SCT Logistics operates several weekly intermodal and box wagon trains
on the existing Melbourne - Brisbane corridor. Photo: Mark Carter

While the government’s focus on the southern half of the project is not unexpected, the northern half now appears to have been left in limbo, with the only two upgrades completed so far - the Parkes - Narromine and Narrabri - North Star sections - effectively marooned for the time being. Completing the connection between Narromine and Narrabri will require the construction of 309km of new railway which, given the government’s current strategy, has no firm budget or timescale for completion.

The upgraded section north from Narrabri to the current northern Inland Rail terminus of North Star does bring some benefit to agricultural producers, but the section beyond Moree to North Star has seen infrequent use in past years.

There has also been a major change in the overall aims of the project. While the line still has a targeted end-to-end transit time of 24 hours, this is now only expected to be between outer suburban terminals located at Beveridge, 50km from Melbourne, and Ebenezer, 80km from Brisbane.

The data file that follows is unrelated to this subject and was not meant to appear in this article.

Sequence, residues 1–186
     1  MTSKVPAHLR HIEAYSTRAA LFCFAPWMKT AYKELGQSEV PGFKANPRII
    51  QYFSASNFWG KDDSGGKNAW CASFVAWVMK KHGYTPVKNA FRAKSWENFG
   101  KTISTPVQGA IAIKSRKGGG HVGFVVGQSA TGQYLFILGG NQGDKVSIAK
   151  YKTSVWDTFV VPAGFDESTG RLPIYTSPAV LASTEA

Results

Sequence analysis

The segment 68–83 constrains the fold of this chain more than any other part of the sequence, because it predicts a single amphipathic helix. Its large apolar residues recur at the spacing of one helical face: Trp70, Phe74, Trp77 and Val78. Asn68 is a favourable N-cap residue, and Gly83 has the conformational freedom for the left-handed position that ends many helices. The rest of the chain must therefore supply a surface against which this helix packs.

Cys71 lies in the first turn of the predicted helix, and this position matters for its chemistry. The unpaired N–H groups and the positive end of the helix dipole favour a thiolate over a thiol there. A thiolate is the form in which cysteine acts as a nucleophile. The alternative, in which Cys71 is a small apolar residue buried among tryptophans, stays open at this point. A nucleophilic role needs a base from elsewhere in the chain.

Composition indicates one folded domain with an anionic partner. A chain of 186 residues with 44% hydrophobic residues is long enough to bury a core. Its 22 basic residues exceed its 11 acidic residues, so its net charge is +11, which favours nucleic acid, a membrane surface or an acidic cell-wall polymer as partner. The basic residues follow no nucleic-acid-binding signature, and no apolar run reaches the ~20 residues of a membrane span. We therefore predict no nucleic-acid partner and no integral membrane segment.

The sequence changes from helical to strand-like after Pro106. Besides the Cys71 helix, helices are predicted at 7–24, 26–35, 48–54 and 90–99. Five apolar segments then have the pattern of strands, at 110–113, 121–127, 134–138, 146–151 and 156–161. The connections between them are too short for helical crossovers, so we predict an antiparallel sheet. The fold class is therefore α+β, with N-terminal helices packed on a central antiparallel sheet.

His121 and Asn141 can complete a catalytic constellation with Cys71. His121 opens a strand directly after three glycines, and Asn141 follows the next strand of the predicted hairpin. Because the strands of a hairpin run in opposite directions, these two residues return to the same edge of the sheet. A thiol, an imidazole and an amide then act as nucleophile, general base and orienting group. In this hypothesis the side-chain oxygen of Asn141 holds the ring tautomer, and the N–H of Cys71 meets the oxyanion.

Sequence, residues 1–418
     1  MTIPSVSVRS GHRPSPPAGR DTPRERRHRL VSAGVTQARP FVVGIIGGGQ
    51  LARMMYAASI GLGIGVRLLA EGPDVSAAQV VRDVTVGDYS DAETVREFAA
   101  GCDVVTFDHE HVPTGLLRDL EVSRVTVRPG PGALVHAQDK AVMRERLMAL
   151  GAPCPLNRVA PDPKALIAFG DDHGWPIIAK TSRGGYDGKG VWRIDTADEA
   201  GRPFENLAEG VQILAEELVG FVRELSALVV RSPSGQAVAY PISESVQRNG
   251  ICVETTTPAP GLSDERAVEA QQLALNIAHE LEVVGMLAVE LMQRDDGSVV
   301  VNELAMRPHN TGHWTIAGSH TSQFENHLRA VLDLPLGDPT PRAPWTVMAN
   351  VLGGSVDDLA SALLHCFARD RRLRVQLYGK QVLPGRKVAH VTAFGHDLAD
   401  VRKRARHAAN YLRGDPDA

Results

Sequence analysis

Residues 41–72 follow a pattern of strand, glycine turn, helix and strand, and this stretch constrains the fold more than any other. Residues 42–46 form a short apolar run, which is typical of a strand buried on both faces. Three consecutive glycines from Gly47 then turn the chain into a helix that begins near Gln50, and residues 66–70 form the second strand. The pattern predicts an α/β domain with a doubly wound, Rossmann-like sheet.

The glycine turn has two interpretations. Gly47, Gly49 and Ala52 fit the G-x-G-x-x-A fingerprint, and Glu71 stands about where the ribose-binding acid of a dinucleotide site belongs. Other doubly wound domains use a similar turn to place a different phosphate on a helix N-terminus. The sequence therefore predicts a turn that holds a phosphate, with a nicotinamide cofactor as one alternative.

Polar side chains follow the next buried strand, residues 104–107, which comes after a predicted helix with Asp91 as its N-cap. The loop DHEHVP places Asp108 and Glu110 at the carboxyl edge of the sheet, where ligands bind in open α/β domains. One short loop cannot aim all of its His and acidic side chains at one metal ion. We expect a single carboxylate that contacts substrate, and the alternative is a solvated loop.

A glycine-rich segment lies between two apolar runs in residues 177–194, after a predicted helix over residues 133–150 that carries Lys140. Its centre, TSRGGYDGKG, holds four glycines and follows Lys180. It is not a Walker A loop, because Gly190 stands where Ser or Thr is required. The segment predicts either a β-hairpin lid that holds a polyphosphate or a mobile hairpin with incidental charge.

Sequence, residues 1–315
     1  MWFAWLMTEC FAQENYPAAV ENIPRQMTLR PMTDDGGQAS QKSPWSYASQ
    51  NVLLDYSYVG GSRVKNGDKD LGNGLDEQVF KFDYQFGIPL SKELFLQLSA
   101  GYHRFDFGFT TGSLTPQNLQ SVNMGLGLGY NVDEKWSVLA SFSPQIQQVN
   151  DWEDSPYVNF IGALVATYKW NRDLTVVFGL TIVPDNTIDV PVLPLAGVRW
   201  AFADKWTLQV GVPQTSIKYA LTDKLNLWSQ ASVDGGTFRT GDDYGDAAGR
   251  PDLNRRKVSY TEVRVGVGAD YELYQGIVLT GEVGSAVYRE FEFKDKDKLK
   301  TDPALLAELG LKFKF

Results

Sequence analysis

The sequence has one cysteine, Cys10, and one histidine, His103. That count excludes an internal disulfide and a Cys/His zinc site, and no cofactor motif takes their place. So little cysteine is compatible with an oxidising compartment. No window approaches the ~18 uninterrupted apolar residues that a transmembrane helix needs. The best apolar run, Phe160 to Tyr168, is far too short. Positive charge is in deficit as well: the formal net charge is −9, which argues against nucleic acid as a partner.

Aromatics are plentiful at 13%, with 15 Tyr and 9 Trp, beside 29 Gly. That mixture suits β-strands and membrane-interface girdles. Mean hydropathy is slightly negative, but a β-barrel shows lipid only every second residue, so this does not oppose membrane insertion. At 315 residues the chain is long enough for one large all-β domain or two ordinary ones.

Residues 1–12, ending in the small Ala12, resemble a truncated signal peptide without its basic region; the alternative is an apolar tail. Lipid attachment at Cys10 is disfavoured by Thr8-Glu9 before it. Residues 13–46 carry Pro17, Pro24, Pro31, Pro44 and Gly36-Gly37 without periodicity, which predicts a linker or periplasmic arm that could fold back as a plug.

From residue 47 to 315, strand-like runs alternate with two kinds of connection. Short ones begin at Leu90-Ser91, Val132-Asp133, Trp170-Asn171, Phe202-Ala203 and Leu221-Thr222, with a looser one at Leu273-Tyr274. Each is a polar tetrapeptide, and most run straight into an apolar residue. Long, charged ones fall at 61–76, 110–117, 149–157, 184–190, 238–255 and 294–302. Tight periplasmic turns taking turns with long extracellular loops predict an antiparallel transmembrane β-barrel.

Work is progressing on several of the southern projects, including upgrading parts of the existing Melbourne - Sydney inter state corridor that will ultimately form part of the Inland Rail route. This work includes lowering track under bridges to accommodate double-stack container trains.

Construction will also start next year on the 39km section from the east of Illabo north to Stockinbingal in New South Wales. The new line will bypass the township of Cootamundra and the steeply-graded section of track around the Bethungra Spiral and will be the first substantial piece of new infrastructure to be built as part of the Inland Rail project.

Industry impact

Mr Geoff Smith, managing director of freight operator SCT Logistics, which operates several weekly intermodal and box wagon trains on the existing Melbourne - Brisbane corridor via Sydney, says he supports the Schott review’s objectives in trying to bring clarity to the project scope including its end points. However, he says he has concerns regarding some of the findings that he feels will impact on the project’s success.

Smith says the proposal to locate the end terminals at Beveridge and Ebenezer would add to freight costs and impact the government’s decarbonisation agenda. “Terminal locations are critical in enhancing rail’s ability to compete with door-to-door deliveries,” he says. “The greater this distance, the more costly the task becomes and the greater the pressure on our road systems.”